“It’s like saying ‘May our enemies be mashed like these mashed potatoes,’” Alhadeff explained.
For instance, the Aramaic word “squash” is “karah,” he explained. The Hebrew word connecting it to the blessing is “karah,” a form of the verb meaning “to tear.” Therefore, when squash is eaten during the seder, the accompanying blessing is “May it be Thy will … You should tear up our evil decree, and let there be read before You, our merits.”
A bit more of a stretch is the Aramaic word for leek, karati,,” and the Hebrew word yikaretu,” cut off, as found in the blessing: “May it be Thy will … to cut off our enemies.”
As for the fish head — Alhadeff said he uses fish cheek instead — it’s because the word for head, rosh (as in Rosh Hashanah, literally “head of the year”) figures into the yehi ratzones blessing “May it be Thy will … that we may be on the forefront as the head and not in the background as the tail.”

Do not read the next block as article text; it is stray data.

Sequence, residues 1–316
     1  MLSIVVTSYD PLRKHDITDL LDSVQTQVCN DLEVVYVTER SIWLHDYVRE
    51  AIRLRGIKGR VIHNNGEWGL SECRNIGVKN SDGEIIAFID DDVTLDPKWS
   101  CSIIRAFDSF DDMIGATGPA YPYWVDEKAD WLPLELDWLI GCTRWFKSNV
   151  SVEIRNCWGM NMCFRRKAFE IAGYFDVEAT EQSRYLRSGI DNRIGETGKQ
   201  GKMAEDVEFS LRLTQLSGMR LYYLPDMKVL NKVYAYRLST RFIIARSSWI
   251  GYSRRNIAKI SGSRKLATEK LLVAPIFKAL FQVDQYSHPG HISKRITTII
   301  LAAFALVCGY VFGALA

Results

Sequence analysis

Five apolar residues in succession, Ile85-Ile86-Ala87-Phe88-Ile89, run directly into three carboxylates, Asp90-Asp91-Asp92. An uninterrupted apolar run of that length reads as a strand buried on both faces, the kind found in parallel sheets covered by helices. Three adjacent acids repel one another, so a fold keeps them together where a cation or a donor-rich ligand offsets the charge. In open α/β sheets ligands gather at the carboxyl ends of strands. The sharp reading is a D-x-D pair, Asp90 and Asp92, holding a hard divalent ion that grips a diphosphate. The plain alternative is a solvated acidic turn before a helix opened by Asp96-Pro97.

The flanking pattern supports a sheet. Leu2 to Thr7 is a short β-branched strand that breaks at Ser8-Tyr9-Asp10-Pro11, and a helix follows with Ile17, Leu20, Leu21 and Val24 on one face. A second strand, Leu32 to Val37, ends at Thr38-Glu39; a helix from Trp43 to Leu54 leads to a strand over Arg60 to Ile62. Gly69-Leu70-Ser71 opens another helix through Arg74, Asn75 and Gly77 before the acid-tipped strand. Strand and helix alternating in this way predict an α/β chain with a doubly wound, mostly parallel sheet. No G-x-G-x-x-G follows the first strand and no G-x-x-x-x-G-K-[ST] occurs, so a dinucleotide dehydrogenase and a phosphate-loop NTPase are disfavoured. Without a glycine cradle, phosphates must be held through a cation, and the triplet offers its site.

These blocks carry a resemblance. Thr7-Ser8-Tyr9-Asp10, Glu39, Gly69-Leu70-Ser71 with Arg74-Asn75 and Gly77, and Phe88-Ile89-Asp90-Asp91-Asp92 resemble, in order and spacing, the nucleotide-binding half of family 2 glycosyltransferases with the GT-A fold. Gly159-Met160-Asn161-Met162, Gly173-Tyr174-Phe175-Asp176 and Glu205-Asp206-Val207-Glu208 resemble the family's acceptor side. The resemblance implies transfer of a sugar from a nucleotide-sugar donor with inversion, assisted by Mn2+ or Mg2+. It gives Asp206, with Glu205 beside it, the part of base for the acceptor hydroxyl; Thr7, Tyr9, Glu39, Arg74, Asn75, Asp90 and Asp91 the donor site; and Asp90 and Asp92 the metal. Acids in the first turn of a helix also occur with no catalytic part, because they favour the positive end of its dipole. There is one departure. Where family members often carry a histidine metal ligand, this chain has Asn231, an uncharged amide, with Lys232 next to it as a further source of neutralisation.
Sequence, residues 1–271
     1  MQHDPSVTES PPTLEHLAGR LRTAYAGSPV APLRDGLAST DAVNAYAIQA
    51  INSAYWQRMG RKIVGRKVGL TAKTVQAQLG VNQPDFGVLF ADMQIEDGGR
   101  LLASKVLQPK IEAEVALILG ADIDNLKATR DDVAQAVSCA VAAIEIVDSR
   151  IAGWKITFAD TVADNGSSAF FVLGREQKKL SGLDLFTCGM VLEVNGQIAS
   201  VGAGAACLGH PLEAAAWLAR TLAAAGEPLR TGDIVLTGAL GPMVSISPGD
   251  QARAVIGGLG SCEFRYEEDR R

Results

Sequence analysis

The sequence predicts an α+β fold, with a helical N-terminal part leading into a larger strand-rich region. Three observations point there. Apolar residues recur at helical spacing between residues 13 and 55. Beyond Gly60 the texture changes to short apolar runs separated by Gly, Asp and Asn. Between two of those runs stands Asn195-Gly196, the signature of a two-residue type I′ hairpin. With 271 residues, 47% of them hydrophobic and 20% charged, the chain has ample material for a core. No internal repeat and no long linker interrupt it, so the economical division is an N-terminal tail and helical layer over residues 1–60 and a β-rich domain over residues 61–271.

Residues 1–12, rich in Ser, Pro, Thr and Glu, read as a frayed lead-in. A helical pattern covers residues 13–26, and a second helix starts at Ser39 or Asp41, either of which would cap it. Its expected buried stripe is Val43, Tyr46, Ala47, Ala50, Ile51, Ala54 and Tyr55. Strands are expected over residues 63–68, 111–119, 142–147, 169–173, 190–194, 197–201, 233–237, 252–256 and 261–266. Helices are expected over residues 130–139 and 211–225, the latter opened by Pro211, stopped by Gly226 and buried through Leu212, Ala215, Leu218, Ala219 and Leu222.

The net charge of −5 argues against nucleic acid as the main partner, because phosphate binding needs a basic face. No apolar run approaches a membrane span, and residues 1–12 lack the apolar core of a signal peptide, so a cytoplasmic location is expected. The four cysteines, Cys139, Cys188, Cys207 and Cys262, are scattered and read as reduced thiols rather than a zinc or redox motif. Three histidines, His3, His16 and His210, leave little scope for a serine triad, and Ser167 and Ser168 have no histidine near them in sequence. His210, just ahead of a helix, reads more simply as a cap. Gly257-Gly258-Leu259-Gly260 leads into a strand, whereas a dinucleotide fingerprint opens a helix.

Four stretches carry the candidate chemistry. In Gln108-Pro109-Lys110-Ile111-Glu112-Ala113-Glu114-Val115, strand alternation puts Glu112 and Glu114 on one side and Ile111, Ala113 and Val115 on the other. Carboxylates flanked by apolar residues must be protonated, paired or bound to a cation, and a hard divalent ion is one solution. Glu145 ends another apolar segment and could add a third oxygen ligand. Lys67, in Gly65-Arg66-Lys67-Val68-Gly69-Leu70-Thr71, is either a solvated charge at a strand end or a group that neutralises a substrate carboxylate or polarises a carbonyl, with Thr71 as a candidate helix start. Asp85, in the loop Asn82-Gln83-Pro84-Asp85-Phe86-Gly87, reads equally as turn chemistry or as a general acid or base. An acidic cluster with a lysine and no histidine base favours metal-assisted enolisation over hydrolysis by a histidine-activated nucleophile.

Alhadeff said there have been some attempts at reinterpretations of the yehi ratzones blessings, which shift the meaning while staying true to the specific foods.
“It’s not about the evil decrees being cut,” he said. For example, Alhadeff said he found a blessing for squash that says, “May the coming year grow as a gourd in the fullness of blessing.”
Many Jews of Ashkenazi origin never heard of any common Sephardic practices, surprisingly. For example, whereas most Ashkenazi Jews will only begin to prepare for and celebrate the High Holidays within the week before Rosh Hashanah, Sephardim begin to prepare on the first day of the Hebrew month of Elul, 40 days before Yom Kippur.
We don’t have Reform or Conservative or Orthodox; we all practice together. There are more and less observant individuals, but we practice together and respect each other’s methods.
— Daniel Golfeiz, executive director of the Ohr Hamizrach Sephardic Center